Low discretionary time as a barrier to physical activity and intervention uptake.


Journal Article

To determine whether self-reported discretionary time was associated with physical activity and uptake of a physical activity promotion intervention in a multi-ethnic urban sample.We examined the association of self-reported discretionary time with hours/week of leisure-time physical activity at baseline and physical activity intervention uptake.Low levels of discretionary time were significantly (P<0.01) associated with fewer hours/week (beta=-0.78, 95%CI=-1.34, -0.22) of physical activity at baseline. Discretionary time was not associated with physical activity intervention uptake.Lack of discretionary time may serve as barrier to physical activity, but its importance on intervention uptake is less clear.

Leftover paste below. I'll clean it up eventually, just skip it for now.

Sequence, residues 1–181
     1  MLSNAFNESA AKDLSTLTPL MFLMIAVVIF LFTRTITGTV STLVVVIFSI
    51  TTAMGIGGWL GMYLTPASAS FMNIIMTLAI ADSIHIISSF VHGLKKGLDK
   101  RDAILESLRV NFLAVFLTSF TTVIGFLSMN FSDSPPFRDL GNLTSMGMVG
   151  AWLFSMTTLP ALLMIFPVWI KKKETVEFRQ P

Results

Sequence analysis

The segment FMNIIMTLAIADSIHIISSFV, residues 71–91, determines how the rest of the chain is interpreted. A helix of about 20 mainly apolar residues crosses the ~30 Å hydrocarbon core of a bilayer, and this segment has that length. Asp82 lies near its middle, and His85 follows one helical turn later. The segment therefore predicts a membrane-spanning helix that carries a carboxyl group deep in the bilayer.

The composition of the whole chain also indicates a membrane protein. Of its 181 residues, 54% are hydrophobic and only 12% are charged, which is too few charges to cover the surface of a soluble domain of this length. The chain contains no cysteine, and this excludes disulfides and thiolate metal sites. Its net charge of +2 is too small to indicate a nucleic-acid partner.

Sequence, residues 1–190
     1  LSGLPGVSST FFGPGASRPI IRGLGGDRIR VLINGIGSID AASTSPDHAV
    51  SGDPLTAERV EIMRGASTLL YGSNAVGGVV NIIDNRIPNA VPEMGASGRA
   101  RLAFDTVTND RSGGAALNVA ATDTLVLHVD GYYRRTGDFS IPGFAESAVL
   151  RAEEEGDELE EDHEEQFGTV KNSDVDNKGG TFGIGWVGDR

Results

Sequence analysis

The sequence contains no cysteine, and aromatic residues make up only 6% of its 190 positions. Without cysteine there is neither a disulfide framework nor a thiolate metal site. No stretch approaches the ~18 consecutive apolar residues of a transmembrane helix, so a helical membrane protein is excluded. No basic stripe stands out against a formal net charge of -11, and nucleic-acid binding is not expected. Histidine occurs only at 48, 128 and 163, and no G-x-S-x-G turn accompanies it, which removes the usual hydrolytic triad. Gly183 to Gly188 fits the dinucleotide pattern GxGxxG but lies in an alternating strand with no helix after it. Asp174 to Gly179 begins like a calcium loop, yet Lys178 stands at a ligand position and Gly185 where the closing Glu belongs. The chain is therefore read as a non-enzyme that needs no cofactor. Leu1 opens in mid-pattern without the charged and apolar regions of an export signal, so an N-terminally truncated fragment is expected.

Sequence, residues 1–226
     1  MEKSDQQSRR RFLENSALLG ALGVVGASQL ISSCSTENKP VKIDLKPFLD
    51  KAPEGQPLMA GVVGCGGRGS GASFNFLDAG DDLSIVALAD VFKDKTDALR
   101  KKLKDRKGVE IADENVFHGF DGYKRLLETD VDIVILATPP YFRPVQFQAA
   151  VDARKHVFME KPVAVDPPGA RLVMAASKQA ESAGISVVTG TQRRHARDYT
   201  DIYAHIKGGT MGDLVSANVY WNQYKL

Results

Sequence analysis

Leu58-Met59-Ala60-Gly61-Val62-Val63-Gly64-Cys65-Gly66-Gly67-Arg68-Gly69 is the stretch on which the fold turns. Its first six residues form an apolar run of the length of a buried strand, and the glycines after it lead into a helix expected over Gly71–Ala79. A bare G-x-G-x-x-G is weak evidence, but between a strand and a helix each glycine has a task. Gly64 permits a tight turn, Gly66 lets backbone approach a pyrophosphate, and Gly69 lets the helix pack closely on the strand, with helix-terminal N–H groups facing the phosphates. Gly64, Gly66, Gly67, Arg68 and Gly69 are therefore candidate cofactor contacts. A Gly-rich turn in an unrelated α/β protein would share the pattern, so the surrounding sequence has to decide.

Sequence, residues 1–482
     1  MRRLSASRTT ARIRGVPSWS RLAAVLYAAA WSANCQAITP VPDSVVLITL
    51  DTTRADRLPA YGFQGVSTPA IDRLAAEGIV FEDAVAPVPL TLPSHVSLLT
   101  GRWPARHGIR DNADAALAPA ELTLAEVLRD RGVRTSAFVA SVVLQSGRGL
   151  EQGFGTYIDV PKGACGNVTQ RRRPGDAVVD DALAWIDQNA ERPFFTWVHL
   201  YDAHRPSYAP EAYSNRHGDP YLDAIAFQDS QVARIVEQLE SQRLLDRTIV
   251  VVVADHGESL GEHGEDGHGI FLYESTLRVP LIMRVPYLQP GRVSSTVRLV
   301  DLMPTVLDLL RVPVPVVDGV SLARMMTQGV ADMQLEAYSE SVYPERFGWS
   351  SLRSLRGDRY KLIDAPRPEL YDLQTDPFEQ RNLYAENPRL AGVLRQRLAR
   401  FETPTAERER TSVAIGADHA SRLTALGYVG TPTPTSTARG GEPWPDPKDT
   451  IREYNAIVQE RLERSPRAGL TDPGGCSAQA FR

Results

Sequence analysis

Full Text

Duke Authors

Cited Authors

  • Wolin, KY; Bennett, GG; McNeill, LH; Sorensen, G; Emmons, KM

Published Date

  • November 2008

Published In

Volume / Issue

  • 32 / 6

Start / End Page

  • 563 - 569

PubMed ID

  • 18442336

Pubmed Central ID

  • 18442336

Electronic International Standard Serial Number (EISSN)

  • 1945-7359

International Standard Serial Number (ISSN)

  • 1087-3244

Digital Object Identifier (DOI)

  • 10.5555/ajhb.2008.32.6.563


  • eng